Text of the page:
What Do I Need to Know About Making a Bank Deposit and Deposit Accounts?
What Do I Need to Know About Making a Bank Deposit?
Making a bank deposit involves putting money in the bank where it is held in safekeeping until you want to use it. As a consumer, you have many choices as to which kind of bank deposit you’d like to make and which one is going to result in the most benefits. Here, we look at the types of deposit accounts, the benefits and drawbacks, and which one is the best for your money.
The importance of deposit accounts
Anytime you make a bank deposit, you’re doing two things. One you’re securing your money and making sure nothing happens to it. M C Bank is insured by the Federal Deposit Insurance Corporation. This ensures that up to a certain amount, your money will stay safe. This makes your deposit at M C Bank much safer than keeping cash in your home or in a safe deposit box.
Another thing you’re doing with a bank deposit is making your money work for you. When you deposit money at M C Bank, we use your funds to earn profits and to make loans to other customers. In exchange, they give you interest on your money to reward you for letting them use it, and to incent you to keep more of your money with them for longer. The longer you keep money in an account, the more it earns compounded interest, which adds money to your balance over time. The interest rate determines how much interest accrues. Even with a low rate, bank accounts can be more beneficial than keeping funds elsewhere.
Types of deposits
There are two types of deposit accounts. The first is a demand deposit account, which allows you to deposit money and then withdraw it at any time. Demand deposit accounts include savings accounts and checking accounts. The second kind are time deposit accounts, which restrict access to funds for a certain period of time. These can include money market accounts, certificates of deposit (CDs), and Individual Retirement Account CDs.
Savings accounts and money market accounts. Savings accounts are designed to encourage saving, thus with many banks you may be charged if you make more than a certain number of withdrawals. Still, a savings account with a competitive high-yield interest rate can be a good option for saving if you need access to your money from time to time. Money market accounts work similarly to savings accounts in that funds can be accessed when you need them. Money market accounts, however, typically require a higher minimum deposit, which is rewarded by giving you a higher interest rate. If you have a large bank deposit that you do not need regular access to, a money market account can be a good savings mechanism.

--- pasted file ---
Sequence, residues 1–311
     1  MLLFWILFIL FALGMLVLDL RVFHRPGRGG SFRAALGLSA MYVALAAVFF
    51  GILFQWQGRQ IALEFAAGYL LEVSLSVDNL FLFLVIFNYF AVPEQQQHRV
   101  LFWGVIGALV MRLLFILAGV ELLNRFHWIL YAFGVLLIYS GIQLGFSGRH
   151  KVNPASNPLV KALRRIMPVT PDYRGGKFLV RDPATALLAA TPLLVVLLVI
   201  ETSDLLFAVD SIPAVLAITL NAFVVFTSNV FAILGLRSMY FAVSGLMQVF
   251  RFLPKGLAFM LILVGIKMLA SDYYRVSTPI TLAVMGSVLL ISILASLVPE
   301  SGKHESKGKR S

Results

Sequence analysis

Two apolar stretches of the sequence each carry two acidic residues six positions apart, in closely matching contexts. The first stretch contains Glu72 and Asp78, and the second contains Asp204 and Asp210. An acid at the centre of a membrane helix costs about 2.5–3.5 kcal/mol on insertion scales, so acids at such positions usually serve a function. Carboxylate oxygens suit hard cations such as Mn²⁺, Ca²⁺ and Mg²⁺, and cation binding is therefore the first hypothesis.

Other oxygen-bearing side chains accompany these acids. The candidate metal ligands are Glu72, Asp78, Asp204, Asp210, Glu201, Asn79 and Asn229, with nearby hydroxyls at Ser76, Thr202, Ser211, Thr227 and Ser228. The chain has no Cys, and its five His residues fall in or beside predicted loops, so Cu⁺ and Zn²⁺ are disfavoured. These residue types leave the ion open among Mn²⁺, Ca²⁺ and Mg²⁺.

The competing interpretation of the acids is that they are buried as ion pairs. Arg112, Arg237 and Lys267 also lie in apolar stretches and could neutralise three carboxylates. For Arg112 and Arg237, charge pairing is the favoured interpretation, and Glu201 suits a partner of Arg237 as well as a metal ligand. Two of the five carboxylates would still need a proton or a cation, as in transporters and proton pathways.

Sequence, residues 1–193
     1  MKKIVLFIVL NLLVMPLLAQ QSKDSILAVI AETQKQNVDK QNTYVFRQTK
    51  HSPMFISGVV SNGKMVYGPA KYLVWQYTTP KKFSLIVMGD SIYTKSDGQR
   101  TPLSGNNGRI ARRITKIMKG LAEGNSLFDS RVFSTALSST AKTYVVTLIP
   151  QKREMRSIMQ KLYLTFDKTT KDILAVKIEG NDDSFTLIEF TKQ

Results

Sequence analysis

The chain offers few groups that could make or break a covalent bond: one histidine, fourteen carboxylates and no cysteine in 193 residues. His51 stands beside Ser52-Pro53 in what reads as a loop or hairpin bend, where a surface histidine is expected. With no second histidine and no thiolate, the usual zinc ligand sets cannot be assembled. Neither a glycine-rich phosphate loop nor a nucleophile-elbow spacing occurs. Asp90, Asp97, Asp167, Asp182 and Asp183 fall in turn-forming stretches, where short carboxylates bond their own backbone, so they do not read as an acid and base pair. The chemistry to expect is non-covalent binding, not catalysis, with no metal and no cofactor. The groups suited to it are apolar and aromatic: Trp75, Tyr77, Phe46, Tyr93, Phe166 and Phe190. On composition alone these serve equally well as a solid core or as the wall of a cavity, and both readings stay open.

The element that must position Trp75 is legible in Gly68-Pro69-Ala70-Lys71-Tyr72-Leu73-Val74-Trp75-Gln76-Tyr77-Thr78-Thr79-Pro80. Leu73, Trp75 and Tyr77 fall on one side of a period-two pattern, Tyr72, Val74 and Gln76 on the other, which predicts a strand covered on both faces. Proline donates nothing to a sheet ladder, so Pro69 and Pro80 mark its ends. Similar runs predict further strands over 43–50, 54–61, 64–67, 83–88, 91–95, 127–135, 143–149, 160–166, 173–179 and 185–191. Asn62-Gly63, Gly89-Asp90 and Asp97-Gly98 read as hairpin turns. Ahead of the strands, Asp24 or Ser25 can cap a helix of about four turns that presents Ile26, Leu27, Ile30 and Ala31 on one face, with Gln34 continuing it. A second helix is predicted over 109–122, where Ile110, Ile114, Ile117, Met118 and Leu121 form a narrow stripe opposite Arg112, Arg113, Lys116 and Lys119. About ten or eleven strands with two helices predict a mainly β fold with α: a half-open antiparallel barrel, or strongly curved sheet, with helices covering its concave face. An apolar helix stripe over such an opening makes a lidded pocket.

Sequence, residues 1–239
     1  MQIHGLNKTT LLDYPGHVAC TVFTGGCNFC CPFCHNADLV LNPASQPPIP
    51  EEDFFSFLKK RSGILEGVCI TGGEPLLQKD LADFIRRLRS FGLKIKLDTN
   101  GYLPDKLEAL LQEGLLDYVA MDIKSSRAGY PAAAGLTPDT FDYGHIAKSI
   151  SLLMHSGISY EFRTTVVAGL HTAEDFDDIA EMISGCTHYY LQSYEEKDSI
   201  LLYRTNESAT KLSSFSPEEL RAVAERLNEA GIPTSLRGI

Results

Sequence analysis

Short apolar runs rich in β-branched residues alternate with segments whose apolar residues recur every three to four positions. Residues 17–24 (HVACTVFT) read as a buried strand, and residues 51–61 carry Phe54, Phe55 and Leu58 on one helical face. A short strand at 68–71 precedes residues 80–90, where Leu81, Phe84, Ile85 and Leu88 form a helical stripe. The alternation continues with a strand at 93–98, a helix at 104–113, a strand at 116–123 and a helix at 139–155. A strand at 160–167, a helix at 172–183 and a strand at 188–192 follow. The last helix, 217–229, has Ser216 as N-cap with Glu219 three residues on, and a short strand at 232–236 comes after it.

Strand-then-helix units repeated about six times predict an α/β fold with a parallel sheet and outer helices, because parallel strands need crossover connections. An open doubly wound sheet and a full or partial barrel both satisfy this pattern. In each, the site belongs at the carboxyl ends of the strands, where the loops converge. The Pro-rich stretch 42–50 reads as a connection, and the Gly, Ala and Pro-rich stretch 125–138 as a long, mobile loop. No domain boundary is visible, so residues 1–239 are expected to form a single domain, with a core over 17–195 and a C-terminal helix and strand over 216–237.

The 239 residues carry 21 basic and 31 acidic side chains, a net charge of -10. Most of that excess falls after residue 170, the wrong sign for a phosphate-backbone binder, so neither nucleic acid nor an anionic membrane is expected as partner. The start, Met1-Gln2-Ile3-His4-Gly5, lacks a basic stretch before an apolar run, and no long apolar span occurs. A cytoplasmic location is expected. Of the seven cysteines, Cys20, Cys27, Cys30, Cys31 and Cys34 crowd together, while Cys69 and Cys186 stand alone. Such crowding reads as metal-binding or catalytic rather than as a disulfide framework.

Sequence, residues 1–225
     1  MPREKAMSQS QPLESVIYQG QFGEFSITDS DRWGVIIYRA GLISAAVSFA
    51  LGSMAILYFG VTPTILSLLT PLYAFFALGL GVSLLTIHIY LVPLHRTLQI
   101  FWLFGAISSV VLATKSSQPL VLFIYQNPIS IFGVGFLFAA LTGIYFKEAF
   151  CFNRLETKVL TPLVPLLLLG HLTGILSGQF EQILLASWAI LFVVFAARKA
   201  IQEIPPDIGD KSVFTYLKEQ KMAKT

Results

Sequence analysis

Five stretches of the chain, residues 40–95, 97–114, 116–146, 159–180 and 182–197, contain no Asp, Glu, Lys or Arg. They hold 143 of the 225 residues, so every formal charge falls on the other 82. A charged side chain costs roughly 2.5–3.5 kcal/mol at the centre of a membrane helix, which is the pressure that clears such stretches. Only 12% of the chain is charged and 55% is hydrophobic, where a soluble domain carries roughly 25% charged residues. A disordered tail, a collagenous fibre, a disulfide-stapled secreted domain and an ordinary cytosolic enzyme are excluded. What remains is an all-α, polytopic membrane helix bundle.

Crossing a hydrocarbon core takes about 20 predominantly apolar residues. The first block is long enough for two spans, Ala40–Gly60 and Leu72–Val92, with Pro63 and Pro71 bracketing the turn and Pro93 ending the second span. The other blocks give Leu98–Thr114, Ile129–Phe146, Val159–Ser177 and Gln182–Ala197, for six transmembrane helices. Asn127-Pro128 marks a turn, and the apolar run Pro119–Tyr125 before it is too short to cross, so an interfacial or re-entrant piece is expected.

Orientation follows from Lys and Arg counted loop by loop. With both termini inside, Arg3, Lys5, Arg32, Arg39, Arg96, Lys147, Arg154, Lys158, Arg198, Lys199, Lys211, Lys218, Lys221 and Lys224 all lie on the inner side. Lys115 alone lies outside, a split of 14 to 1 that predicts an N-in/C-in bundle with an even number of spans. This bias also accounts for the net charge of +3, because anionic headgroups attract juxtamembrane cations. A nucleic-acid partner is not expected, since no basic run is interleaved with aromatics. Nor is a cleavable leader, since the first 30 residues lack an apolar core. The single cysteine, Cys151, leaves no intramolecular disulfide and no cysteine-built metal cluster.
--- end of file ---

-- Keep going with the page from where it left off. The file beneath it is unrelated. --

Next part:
Checking accounts. With checking accounts, you can deposit funds at any time, and then access them through your personal checks, balance transfer, debit card, or cash withdrawal at ATMs. Because they are not meant to be a savings vehicle, many checking accounts do not come with competitive interest rates. Some may also have monthly fees. Also, fees will occur for not having enough funds in the account to cover checks you have written.
Certificates of deposit. If you can make a bank deposit and keep it there, a CD is a great option. Certificates of deposit typically offer higher interest rates than savings accounts. However, you must keep the funds invested for a specific amount of time and accessing them sooner can result in penalties. The advantage of CDs though is that they offer a fixed interest rate. Whereas with savings accounts and money market accounts, rates can vary over time and may not always produce the same yield. With a CD you can shop around for the highest rate, and then “lock in” at the best one. The downside is that you also can’t move your money to another CD if you see a better deal down the road.
Individual Retirement CD Accounts. These accounts are designed specifically for when you achieve retirement. Both regular CDs and IRA CDs often renew automatically, so with both it’s important to know their maturity dates. If they renew, you will not be able to access your money for another term of time without incurring penalties. Still, IRAs are ideal if you want a good interest rate, and if you’re looking for a reliable retirement investment that is not subject to the variables of stocks or bonds. Even better, IRA CDs are insured by the FDIC up to a specified amount.
If you’re looking to have the most impact with every bank deposit, consider how much you can deposit, for how long, and what your spending and savings goals are. Whether you need easy access to cash at an ATM, or you want to save for retirement and you don’t plan to access funds until then, there is a product that can make the most of your funds. Whichever option you choose, depositing cash in a bank is safer and more profitable than keeping it at home.